UM E-Theses Collection (澳門大學電子學位論文庫)


The ex-dividend day stock price behavior revisited : evidence in Hong Kong

English Abstract

The ex-dividend day price drop less than the dividend amount is an anomaly documented in financial studies. To account for the ex-dividend behavior, eight hypotheses are found: tax-penalty hypothesis, tax-induced dividend clientele hypothesis, short-term trader hypothesis, dividend capture hypothesis, price discreteness hypothesis, open limit order hypothesis, imbalance order flow hypothesis and the risk premium hypothesis. The contribution of this study is to (i) identify which hypotheses are more suitable to explain the phenomenon in the Hong Kong stock market; and (ii) whether there is any profit opportunity remained after accounting for these hypotheses by investigating the stock behavior around ex-dividend day for 1980-2000. The study compares the drop-off ratios, the proportional price change to dividend amount, excess returns and abnormal volumes in an 11-day testing window around the ex- dividend days by sub-periods analysis (pre-electronic settlement from 1980-1992 and post- electronic settlement from 1993-2000) and category analysis (stocks classified into top, middle and bottom third stocks by yield, risk, liquidity and trading volume level) using regression models and cross-tabulations of key statistics. When directly adding the round-trip transaction costs based on observed cum-day and ex-day closing prices into the drop-off ratio, the drop becomes even higher than one, which indicates that the short-term trader hypothesis can explain the less-than-one drop-off ratios. The price discreteness and risk premium hypotheses are also found to have some explanatory powers. Though short-term trading activities are implied in the abnormal volume findings, dividend capture practices are shown inactive because greater drop-off ratios (or more negative excess returns) lie with low yield stocks. The firm-specific risk becomes the only significant factor against ex-day excess return after 1993. This reflects non-diversification short-term activities. However, the yield is less of concern for investors in 1990s. Moreover, intra-day price variations on the ex-day are found to be much higher than the dividend amount, which indicates that there is big potential to take risk for abnormal returns by utilizing the price fluctuations. The study concludes that the positive excess return comes more from price variation affected by arbitrage potential instead of dividend after 1993.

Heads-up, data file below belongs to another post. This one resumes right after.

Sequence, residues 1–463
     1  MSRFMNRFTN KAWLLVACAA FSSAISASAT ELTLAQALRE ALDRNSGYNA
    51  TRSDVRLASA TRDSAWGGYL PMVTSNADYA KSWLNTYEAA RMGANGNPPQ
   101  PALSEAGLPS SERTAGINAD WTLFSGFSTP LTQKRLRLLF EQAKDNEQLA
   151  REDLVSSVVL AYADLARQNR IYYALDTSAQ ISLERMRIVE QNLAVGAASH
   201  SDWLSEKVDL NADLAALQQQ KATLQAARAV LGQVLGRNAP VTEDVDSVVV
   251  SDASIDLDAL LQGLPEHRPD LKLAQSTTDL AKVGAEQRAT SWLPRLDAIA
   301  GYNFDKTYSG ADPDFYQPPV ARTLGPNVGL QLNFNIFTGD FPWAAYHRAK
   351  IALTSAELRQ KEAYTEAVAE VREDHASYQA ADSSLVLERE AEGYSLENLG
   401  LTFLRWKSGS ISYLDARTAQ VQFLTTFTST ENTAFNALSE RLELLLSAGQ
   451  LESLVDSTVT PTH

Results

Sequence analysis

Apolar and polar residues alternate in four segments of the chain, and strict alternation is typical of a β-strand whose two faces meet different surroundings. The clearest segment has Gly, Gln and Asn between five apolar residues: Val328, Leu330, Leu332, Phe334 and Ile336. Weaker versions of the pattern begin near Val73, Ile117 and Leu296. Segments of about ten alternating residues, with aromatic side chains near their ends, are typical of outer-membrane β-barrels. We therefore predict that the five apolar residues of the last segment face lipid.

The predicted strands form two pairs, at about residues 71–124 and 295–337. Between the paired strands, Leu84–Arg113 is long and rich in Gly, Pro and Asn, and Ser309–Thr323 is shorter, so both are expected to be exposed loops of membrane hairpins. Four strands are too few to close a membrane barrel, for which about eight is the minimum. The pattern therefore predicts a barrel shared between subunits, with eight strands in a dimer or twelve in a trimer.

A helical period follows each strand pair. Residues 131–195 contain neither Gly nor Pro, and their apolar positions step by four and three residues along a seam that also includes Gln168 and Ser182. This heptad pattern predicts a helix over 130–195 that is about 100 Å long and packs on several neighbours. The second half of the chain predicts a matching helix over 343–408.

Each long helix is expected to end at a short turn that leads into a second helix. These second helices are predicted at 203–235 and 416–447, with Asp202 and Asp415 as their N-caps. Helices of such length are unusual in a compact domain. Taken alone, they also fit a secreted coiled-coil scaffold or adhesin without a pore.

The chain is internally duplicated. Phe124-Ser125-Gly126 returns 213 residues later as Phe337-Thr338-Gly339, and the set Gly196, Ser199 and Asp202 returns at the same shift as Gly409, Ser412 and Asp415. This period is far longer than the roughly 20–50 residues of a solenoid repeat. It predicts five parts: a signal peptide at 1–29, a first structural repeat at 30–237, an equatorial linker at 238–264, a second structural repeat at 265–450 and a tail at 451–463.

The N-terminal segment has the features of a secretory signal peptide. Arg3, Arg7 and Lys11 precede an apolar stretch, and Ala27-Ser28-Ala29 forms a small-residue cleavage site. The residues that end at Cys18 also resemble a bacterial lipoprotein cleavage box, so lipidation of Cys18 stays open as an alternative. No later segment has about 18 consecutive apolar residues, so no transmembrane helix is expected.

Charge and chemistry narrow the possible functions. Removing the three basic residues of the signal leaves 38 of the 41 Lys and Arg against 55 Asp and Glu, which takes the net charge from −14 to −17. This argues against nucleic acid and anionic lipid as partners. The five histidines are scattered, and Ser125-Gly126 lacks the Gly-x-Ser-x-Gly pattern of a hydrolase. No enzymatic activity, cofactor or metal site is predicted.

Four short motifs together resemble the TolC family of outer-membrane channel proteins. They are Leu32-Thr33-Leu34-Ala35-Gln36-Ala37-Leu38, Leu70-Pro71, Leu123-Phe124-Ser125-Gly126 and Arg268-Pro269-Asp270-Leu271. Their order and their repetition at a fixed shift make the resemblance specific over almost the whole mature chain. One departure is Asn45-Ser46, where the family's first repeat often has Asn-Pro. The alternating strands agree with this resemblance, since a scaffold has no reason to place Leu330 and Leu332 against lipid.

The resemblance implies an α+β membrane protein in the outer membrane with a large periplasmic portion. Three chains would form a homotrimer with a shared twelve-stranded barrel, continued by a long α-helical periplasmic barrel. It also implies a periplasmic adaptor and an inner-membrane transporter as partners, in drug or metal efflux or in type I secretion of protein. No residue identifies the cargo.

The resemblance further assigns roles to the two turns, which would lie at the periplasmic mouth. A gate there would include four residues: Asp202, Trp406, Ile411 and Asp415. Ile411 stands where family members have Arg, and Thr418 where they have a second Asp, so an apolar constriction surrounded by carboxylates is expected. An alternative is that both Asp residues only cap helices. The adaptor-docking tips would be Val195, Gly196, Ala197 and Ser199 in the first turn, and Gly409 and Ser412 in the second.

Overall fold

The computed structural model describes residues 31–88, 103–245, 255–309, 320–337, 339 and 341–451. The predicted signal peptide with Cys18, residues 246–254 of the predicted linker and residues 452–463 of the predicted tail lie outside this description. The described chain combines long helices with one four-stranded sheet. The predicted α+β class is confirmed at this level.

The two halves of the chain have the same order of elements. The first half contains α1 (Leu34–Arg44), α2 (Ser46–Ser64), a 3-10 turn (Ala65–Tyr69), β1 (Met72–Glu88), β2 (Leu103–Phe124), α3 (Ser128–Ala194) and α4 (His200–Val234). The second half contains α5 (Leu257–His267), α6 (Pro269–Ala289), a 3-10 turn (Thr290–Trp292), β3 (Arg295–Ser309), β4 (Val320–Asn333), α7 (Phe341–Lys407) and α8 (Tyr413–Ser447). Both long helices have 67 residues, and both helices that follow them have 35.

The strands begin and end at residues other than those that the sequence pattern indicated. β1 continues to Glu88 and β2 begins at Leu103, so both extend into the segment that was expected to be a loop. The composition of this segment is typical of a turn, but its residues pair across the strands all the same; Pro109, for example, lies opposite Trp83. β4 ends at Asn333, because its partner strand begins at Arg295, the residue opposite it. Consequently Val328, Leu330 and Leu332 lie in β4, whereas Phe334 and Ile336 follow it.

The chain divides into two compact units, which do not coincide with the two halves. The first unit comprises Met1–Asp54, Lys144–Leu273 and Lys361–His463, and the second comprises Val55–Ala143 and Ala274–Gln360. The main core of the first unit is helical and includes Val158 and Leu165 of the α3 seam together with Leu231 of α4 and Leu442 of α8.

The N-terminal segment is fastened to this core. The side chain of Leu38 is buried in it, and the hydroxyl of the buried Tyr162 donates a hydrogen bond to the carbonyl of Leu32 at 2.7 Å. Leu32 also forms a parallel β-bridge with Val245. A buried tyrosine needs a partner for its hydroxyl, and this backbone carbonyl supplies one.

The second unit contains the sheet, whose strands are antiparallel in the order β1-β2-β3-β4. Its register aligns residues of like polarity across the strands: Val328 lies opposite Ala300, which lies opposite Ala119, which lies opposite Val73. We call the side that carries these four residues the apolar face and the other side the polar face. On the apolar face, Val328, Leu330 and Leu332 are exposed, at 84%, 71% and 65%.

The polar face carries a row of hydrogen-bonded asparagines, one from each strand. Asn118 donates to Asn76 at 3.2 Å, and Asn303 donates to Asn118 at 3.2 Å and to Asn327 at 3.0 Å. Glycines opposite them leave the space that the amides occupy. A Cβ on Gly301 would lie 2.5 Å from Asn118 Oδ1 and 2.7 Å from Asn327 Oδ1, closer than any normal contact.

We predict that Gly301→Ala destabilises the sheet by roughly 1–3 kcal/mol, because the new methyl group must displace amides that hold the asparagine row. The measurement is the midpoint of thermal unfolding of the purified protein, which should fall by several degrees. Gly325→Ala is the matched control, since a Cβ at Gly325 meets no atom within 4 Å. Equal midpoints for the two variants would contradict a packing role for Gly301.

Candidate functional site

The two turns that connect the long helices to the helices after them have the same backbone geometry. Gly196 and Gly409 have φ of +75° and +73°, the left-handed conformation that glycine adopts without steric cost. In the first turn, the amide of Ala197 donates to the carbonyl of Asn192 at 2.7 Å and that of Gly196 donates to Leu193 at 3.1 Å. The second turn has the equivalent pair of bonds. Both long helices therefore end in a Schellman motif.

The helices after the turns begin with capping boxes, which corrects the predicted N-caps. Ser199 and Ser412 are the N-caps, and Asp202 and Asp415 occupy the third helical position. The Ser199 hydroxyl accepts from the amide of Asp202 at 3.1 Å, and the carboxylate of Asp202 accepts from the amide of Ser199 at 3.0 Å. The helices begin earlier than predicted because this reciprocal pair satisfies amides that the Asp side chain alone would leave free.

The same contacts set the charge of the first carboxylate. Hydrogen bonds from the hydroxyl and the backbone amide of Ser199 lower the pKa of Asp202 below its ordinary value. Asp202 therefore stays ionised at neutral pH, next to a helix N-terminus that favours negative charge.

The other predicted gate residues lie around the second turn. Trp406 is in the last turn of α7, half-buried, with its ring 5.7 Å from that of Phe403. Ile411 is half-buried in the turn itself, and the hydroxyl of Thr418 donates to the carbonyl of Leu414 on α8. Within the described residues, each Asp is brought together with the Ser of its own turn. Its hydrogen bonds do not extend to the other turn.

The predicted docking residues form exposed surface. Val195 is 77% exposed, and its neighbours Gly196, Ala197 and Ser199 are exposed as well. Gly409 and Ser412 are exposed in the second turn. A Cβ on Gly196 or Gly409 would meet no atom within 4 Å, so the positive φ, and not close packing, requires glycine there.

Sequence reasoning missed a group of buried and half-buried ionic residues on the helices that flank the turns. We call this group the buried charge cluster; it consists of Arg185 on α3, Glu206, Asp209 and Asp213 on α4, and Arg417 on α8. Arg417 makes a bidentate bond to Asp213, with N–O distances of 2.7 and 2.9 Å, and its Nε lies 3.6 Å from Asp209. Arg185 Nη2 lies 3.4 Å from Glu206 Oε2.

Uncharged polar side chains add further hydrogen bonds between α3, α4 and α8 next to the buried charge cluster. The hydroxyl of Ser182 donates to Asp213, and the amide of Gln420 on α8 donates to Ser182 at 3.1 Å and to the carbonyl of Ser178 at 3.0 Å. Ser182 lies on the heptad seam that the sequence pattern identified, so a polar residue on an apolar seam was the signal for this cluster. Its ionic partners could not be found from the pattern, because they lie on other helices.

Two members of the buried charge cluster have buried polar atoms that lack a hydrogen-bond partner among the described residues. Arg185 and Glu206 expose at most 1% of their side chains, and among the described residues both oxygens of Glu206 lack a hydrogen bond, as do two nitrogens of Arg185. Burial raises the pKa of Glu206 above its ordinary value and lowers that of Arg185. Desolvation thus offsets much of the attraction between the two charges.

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Shi, Jia Le


Faculty of Business Administration


Department of Finance and Business Economics




Stock price forecasting

Stock exchanges -- Hong Kong


Lam, Siu Kwan

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